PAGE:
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20th Century Ideologies

PHIL 334

20th Century Ideologies

  • Course ID:PHIL 334
  • Semesters:1
  • Department:Philosophy
  • Teachers:Michael Hude

Description and Objectives

This course is primarily a study of the conflict between Soviet communism and Nazi fascism during the 20th Century.  Secondarily, it will examine the further spread of communism into China and Southeast Asia.  In addition to recounting the military history of the Soviet-German war, students will read about the assault on civilians that took place between Nazis and European Jewry, as well as between Nazis and Russian peasants and partisans.  Further discussion of Stalin’s own purging of his country and Mao Zedong’s Great Chinese Famine will also take place.

Through consideration of the history of these two destructive ideologies, students will gain insight into the dangers of totalitarian thinking with the hope that they will fight off its descendant motion into our current culture.

The primary goals of this course:

  • Acquire knowledge of fascism and communism and their dangers
  • Study in-depth the genocides of the 20th Century
  • Sharpen writing skills
  • Improve dialectic skills


  • Hitler vs. Stalin: The Eastern Front, 1941-1945 by John Mosier. ISBN 141657350X
  • Ordinary Men: Reserve Police Battalion 101 and the Final Solution in Poland by Christopher Browning.  ISBN 0062303023

Course Requirements

Students should expect daily readings assignments, weekly writing assignments, and occasional examinations.

  • The final grade each quarter will be based on a point system.  The points will consist of the following:
    • Exams (typically at least 100 points each)
    • Quizzes (if necessary and of varying point values, between 10-50 points each)
    • Writing Assignments (typically 100 points each)
    • Participation (points awarded at teacher’s discretion, determined by the effectiveness of the participation)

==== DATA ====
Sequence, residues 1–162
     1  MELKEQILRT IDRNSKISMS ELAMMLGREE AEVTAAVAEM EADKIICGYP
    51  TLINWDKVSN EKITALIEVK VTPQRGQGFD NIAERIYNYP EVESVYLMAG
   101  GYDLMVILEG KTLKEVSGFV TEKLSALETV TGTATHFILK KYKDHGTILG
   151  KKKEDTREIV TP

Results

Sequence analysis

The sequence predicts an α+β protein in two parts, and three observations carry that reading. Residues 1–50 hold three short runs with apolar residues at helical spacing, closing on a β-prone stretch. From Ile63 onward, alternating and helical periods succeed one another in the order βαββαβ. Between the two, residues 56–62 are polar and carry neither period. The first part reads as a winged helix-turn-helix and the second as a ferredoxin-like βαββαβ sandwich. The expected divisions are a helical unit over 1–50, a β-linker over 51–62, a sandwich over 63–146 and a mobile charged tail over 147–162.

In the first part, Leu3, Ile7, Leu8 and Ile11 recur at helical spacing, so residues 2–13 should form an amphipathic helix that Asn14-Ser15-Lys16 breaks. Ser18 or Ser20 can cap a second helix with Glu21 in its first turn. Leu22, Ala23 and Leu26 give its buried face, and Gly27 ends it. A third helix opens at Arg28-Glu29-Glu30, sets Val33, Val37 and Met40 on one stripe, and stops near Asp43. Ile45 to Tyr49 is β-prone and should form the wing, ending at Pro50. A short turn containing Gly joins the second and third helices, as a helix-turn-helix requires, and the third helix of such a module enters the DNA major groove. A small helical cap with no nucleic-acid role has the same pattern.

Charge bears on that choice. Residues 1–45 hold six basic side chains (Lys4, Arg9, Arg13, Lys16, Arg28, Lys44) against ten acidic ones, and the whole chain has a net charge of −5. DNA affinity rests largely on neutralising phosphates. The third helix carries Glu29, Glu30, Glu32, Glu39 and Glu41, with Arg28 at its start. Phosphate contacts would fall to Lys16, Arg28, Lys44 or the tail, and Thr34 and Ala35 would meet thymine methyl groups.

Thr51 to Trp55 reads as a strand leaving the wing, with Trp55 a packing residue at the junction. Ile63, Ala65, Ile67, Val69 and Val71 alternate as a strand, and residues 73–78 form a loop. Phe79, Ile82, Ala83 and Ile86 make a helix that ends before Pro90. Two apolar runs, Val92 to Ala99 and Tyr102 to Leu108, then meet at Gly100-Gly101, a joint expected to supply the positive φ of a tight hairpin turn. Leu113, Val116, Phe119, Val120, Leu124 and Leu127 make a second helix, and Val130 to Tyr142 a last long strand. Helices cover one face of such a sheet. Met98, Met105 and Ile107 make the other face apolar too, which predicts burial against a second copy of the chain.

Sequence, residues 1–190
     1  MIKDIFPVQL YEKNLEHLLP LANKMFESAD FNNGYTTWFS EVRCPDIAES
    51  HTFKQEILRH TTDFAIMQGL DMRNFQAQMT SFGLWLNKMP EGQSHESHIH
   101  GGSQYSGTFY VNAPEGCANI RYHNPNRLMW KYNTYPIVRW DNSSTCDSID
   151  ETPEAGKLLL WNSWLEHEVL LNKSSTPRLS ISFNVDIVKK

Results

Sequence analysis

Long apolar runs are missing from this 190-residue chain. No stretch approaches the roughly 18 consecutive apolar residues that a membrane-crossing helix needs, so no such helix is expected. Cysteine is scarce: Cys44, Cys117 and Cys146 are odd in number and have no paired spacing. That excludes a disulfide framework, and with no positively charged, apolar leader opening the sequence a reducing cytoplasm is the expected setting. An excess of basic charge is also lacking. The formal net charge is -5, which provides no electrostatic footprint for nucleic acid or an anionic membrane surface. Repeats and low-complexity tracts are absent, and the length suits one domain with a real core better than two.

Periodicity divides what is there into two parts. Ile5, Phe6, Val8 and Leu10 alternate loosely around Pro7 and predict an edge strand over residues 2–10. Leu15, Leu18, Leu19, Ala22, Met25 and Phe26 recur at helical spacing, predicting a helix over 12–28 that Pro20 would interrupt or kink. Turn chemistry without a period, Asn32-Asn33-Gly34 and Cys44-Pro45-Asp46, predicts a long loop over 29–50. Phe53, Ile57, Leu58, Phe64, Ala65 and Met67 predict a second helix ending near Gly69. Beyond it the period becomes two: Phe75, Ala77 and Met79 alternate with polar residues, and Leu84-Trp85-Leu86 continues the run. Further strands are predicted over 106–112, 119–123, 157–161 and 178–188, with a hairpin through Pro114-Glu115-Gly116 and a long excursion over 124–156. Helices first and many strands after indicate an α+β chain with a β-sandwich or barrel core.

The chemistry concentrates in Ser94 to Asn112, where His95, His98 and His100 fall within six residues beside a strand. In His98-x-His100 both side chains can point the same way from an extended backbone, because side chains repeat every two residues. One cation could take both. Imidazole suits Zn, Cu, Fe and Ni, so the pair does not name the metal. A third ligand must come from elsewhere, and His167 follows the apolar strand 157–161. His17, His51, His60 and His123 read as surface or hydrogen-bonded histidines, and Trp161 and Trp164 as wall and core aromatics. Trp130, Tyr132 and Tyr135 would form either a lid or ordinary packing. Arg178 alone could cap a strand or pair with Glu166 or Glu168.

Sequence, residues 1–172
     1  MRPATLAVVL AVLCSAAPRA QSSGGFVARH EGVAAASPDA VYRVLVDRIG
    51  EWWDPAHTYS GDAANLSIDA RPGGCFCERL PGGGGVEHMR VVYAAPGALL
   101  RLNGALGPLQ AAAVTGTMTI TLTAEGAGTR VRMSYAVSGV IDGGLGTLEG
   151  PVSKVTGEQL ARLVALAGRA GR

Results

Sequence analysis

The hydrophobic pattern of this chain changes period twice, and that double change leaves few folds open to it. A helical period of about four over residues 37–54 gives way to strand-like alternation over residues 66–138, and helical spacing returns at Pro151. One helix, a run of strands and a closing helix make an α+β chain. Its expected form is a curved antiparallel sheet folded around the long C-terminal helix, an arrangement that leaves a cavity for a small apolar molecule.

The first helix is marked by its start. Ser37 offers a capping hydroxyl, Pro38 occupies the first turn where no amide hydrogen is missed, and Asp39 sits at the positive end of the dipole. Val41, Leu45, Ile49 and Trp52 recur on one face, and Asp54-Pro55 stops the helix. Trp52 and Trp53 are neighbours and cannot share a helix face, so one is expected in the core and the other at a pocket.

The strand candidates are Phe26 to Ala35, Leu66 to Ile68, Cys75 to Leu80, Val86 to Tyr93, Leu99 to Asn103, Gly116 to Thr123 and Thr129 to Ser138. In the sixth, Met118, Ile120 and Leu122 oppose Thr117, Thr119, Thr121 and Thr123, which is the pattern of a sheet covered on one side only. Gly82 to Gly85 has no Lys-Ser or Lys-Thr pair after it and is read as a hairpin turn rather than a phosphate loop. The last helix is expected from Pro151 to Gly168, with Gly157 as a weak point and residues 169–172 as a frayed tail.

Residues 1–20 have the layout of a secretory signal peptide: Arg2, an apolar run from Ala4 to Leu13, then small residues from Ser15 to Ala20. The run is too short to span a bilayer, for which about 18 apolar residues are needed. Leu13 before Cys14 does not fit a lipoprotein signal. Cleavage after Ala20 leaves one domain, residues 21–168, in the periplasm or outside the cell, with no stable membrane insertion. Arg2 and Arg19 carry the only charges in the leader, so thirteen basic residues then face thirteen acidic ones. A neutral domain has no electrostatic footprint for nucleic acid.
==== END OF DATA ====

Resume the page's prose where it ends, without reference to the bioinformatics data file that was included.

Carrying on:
• Exams will require knowledge of objective facts, but they will mainly evaluate the student’s ability to think and to synthesize material critically.  There will be a comprehensive final examination.
  • Essays and reading will make up a majority of the work in the course.
  • If quizzes are necessary, they will take place and may be announced or unannounced.

Class participation is required whether it takes the form of effective insights or the asking of probing questions.  Comportment, attention to detail, and sustained improvement over time in the student’s work will also factor into class participation.  The teacher will keep an account of how well students are participating, and students can approach the teacher at any time to ask about how well they are performing in this respect.  At the end of each grading period, class participation may play a substantial role in improving, maintaining, or decreasing the student’s grade for the quarter.

Successful Students

  • The successful student must maintain daily reading and writing schedules and avoid waiting for deadlines to complete work.  Reading and writing, which is spaced out over a proper amount of time, allows for adequate mental digestion, more effective intellectual nourishment, and more advanced writing instruction.
  • Successful students will consult with the instructor frequently to discuss the texts, as well as rough drafts. I am available outside of class and will make myself available for extra help whenever an appointment is needed.  I encourage parents to contact me with any questions or concerns either by email or phone.
  • At the conclusion of the course, the successful student will have a solid grasp on some of the dangers of totalitarian regimes.  He will also be able to speak and write his thoughts more clearly.  The successful student will leave the course after making strides in those virtues especially concerned with political mindfulness.